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Reading through What's the best way to protect a board from corrosion in a hot/moist environment? it has specific advice for a board/project that will be used in a harsh environment.

How important is sealing a board for use in a normal or even a kind environment?

Do people assembling DYI kits generally worry about it?

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Do hobbyists worry about it? Heck no. At best I might put a clearcoat on a homemade PCB to keep the copper from oxidizing (looks bad, but that's it). Some people at large companies don't even worry about it. I've put unsealed professionally made boards in test equipment that's being used in a factory floor environment. In fact I'd say boards aren't typically sealed or protected at all unless they're going into an environment that's known to be difficult. This might include engine controllers (grease, carbon deposits), anything going on a ship (salt spray, salt fog), any overly dusty area - particularly metal particles I'd imagine.

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    \$\begingroup\$ and it will be coated if the board specifically is very sensitive to changes in electrical properties. For example, the grease from your hand over time will oxidize to form a mildly conductive coating, if your board is sensitive to leakage current or is doing coulomb counting this can cause an increases error from someone touching it. \$\endgroup\$ – Kortuk May 15 '11 at 0:43
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    \$\begingroup\$ Any medical devices that touch the patient will also usually be coated, for much the same reasons Kortuk mentioned - you really don't want your leakage current to change over time on an EEG monitor! \$\endgroup\$ – Michael Kohne May 15 '11 at 1:18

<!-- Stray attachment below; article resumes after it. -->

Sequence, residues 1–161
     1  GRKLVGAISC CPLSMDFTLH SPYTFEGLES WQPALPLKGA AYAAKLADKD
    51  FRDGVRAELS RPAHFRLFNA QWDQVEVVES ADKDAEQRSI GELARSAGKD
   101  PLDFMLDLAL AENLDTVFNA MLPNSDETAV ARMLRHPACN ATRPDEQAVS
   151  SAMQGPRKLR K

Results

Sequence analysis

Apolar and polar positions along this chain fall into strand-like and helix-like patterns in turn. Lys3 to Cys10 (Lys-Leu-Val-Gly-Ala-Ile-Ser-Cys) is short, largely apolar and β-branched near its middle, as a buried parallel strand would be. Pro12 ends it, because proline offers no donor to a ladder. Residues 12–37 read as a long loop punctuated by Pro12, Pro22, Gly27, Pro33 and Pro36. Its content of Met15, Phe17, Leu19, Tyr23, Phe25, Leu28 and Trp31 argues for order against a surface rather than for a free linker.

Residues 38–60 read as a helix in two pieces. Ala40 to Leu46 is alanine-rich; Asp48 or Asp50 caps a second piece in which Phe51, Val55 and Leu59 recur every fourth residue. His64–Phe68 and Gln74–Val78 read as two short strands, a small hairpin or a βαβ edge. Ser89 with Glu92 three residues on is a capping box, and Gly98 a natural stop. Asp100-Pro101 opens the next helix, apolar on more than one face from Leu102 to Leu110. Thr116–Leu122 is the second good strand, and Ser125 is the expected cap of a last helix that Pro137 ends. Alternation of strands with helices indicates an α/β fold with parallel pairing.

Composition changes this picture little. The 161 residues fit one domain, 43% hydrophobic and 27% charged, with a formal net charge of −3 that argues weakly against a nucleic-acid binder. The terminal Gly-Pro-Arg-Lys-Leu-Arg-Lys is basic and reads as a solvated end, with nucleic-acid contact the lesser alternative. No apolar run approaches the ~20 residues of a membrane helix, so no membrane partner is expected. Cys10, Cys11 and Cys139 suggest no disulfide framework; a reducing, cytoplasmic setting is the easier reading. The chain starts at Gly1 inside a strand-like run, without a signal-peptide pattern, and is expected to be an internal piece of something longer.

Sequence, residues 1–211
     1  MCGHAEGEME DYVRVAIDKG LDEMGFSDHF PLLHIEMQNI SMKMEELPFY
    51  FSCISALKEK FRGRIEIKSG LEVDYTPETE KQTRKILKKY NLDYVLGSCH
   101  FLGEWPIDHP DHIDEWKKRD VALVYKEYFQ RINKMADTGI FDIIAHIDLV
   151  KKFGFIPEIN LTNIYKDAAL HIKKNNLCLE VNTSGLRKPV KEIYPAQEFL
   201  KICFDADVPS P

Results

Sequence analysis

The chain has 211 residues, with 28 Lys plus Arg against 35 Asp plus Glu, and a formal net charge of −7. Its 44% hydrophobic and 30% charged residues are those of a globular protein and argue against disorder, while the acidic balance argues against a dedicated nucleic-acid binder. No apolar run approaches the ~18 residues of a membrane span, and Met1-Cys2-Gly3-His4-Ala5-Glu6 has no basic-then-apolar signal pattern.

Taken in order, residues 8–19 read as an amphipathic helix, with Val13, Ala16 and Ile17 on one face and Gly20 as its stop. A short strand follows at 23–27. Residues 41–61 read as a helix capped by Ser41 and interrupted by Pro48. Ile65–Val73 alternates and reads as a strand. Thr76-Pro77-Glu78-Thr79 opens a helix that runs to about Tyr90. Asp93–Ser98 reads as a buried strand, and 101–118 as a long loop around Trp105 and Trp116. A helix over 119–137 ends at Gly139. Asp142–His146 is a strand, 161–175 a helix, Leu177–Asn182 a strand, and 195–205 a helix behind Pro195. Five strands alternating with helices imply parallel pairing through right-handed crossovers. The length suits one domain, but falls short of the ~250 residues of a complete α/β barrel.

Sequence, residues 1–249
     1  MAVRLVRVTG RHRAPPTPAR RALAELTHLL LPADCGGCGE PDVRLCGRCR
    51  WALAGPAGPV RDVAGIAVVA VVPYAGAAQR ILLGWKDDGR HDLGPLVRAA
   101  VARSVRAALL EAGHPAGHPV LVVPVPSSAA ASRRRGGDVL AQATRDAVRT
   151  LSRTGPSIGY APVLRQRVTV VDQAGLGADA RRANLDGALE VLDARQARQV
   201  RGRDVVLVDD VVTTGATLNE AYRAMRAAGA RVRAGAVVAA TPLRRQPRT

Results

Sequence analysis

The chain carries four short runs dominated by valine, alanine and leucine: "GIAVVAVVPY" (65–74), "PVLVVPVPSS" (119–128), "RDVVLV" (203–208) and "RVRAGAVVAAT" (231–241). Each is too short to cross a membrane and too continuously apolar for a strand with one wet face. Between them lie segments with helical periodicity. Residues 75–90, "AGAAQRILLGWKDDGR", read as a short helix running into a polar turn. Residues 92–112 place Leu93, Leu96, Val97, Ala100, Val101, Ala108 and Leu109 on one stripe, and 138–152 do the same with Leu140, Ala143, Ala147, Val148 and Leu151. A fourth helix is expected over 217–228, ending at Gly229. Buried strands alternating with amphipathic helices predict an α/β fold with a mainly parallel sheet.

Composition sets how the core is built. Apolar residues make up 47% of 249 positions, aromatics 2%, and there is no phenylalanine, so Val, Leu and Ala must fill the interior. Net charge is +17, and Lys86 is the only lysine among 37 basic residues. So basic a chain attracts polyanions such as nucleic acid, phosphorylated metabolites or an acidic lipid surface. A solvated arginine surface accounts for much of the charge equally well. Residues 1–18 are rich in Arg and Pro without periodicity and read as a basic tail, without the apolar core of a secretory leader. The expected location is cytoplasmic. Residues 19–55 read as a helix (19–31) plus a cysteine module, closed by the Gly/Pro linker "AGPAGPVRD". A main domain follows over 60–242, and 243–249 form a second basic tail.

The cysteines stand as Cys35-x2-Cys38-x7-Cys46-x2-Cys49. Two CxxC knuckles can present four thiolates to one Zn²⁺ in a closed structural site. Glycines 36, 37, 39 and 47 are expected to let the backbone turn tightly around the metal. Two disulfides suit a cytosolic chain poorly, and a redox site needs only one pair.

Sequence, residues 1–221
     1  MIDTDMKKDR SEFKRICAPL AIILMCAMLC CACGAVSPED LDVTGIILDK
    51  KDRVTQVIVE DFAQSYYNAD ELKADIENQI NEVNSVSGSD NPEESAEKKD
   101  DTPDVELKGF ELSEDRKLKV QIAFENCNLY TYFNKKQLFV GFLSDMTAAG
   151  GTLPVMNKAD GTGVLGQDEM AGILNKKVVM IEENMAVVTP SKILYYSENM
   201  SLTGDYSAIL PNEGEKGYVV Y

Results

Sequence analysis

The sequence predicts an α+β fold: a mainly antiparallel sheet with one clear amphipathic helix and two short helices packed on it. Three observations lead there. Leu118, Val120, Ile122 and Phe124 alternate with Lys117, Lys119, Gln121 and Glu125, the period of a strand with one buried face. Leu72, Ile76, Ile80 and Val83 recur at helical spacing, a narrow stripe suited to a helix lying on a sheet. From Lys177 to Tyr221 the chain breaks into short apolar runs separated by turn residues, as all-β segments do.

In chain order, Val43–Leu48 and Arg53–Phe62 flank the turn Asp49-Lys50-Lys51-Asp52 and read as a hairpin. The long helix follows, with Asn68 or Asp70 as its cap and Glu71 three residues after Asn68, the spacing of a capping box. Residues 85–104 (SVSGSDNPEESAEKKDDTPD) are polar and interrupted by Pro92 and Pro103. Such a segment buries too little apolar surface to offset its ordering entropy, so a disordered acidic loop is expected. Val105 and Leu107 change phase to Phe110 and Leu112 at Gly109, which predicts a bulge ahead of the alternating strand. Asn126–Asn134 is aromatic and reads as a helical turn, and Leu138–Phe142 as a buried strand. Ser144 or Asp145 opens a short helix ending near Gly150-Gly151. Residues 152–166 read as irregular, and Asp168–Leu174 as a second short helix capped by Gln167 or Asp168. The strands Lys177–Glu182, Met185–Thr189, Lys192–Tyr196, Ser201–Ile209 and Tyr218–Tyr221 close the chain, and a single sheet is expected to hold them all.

• \$\begingroup\$ Depends on the case as well. If you're certain your case is completely IP67 rated and tested, it may seem unnecessary to protect your boards. \$\endgroup\$ – Hans May 15 '11 at 8:11
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Here are some reasons NOT to coat your board:

  • the coating will thermally insulate the board. Components that need to dissipate heat, like voltage regulators and PTC's, won't work as well, or may fail sooner.
  • The coated board is harder to modify. If this is a prototype, or other DIY project, you probably do want to have the option of making changes later.
  • The kind of coatings that will actually protect the board from a harsh environment without running the risk of trapping undesirable material against the board (doing more harm than good) aren't terribly cheap. A good coating may represent a substantial fraction of the total cost.
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  • \$\begingroup\$ The coating process is expensive. But most of the cost comes from the labour of masking the connectors rather than the coating material itself. \$\endgroup\$ – Martin May 17 '11 at 8:09

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